The Senate Democratic caucus has shrunk to a core consisting largely of urban senators that will be strongly affected by the decisions the next legislature makes. One has to wonder what they think of Sen. Shilling’s proclamation that Republicans “own this legislature right now.”

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Update: The Democrats re-elected Shilling minority leader unanimously late this afternoon.

Is it time for Wisconsin Democrats to panic over their eroding minorities in the state legislature?

If Senate Minority Leader Jennifer Shilling survives the just-announced recount in her razor-thin victory over challenger Dan Kapanke, will she survive as the leader of the shrinking minority of the Senate Democrat caucus? By the time most people read this, that decision will have already been made.

It’s hard to know what Senate Democrats will decide, but they are caucusing today to elect leadership. If they re-elect Shilling as minority leader and she loses the recount, will they be even more rudderless?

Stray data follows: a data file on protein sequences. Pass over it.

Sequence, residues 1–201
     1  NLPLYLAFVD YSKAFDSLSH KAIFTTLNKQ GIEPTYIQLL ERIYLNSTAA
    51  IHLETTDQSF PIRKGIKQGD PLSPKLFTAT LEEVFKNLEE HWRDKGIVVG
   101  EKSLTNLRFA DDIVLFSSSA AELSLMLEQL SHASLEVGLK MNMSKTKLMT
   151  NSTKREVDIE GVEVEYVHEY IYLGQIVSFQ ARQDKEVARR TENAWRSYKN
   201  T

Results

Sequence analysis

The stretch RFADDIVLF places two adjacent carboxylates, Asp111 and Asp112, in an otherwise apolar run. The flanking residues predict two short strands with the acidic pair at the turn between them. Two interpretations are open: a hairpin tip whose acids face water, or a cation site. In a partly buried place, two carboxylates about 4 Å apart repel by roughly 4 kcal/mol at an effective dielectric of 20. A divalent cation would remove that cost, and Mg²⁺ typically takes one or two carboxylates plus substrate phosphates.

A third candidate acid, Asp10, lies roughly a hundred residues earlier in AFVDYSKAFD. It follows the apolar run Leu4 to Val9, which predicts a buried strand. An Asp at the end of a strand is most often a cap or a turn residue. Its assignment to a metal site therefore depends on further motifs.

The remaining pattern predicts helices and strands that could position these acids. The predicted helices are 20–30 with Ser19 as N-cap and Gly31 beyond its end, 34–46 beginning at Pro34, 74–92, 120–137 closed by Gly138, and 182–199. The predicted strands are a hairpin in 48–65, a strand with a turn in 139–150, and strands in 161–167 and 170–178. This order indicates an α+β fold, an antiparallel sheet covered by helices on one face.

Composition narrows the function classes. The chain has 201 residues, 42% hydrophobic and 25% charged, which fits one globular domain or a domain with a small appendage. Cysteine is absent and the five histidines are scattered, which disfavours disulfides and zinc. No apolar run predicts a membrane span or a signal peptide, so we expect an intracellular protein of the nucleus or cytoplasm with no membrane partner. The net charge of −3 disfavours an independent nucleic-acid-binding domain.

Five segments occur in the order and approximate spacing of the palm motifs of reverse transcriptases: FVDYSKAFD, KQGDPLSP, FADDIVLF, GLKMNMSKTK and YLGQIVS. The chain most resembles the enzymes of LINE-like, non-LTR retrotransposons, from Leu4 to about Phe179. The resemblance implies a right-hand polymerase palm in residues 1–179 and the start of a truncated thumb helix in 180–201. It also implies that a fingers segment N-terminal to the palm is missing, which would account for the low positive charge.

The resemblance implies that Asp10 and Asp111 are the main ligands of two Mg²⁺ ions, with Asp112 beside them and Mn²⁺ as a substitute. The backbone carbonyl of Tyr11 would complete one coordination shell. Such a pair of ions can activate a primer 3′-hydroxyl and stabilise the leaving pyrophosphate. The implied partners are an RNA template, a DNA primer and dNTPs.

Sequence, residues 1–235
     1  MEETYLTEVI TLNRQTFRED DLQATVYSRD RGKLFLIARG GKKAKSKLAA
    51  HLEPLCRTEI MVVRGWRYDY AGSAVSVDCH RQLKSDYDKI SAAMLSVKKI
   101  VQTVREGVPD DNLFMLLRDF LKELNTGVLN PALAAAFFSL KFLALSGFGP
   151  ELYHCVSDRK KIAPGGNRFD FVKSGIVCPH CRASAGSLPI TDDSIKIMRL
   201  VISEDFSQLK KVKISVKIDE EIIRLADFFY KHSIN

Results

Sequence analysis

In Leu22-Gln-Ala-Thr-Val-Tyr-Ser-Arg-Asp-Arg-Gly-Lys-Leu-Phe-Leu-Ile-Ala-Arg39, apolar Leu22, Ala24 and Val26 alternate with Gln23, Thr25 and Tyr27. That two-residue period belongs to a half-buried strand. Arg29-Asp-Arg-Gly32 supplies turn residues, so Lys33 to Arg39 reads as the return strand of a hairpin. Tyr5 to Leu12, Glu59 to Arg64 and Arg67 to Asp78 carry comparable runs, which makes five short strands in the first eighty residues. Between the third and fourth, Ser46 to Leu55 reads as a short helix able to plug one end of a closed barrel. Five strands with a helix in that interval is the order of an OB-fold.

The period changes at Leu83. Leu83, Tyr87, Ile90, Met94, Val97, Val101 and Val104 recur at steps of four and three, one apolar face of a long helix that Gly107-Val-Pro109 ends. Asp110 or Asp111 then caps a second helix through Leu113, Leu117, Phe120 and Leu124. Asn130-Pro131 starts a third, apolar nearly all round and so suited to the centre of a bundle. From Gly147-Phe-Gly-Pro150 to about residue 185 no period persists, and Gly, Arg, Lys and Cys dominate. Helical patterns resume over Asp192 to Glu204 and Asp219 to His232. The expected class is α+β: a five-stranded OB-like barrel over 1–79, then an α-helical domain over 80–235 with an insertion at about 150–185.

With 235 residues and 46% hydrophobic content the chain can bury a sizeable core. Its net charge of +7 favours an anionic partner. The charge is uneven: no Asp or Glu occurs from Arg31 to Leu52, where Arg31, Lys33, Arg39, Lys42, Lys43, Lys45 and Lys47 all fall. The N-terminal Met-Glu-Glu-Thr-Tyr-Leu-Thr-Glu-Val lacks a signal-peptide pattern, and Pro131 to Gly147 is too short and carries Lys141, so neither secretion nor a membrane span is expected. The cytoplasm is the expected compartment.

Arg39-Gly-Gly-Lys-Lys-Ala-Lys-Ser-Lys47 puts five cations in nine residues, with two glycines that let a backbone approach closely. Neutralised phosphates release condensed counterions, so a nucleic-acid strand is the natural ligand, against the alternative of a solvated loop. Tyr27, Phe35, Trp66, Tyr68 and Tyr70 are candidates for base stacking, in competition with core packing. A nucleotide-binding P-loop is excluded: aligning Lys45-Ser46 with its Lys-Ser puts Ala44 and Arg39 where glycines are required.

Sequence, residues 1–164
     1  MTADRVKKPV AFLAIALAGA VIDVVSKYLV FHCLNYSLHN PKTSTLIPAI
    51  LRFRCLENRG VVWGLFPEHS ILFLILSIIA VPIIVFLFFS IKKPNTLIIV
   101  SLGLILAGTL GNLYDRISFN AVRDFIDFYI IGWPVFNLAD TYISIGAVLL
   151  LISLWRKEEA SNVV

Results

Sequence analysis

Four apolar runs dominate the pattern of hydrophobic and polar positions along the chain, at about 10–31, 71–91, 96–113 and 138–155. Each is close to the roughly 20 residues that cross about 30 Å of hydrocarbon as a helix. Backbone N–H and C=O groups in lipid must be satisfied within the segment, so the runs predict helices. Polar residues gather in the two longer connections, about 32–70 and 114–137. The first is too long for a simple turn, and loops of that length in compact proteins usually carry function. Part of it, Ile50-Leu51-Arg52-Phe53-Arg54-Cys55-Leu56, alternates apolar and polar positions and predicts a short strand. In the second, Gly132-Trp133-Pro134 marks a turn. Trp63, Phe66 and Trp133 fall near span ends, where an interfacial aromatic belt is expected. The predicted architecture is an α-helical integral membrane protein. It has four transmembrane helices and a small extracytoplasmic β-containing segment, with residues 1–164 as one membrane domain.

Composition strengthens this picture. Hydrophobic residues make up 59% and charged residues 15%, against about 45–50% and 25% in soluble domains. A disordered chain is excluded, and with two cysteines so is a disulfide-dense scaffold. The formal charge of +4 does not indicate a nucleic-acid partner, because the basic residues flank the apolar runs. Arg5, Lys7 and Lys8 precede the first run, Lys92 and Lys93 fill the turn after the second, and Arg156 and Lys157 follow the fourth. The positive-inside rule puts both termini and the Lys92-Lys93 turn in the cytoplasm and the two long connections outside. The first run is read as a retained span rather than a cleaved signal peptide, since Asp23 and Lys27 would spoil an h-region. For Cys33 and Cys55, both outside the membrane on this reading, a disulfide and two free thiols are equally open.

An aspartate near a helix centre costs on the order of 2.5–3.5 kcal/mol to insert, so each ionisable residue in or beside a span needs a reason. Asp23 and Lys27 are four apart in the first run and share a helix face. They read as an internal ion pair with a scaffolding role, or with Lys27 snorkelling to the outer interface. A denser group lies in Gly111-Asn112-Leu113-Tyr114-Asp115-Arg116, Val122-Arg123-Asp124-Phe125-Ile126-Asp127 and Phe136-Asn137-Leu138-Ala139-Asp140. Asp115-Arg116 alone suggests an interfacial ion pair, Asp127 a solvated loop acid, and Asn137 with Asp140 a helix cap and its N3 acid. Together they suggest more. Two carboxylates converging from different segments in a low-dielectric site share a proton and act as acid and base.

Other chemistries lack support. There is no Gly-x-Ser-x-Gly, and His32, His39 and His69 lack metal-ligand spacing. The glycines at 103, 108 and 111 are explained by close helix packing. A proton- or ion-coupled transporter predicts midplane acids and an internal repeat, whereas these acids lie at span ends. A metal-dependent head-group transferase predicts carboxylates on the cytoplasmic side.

Shilling tentatively beat Kapanke by 56 votes, atypical for a party leader to say the least. The election also saw the election of Dan Feyen, a newcomer to elective office, over the well-known Winnebago County Executive Mark Harris, who initially appeared to be the favorite to win. Feyen won the swing district by a strong 56-44 margin.

More significantly, incumbent Julie Lassa lost Senate district 24 to another newcomer to elective office, Portage County GOP chairman Patrick Testin. He knocked off the 12-year incumbent and failed Congressional candidate by a relatively solid margin of around 52-48, despite losing the district’s largest population center, Portage County – the only county he lost in the 6-county Senate district.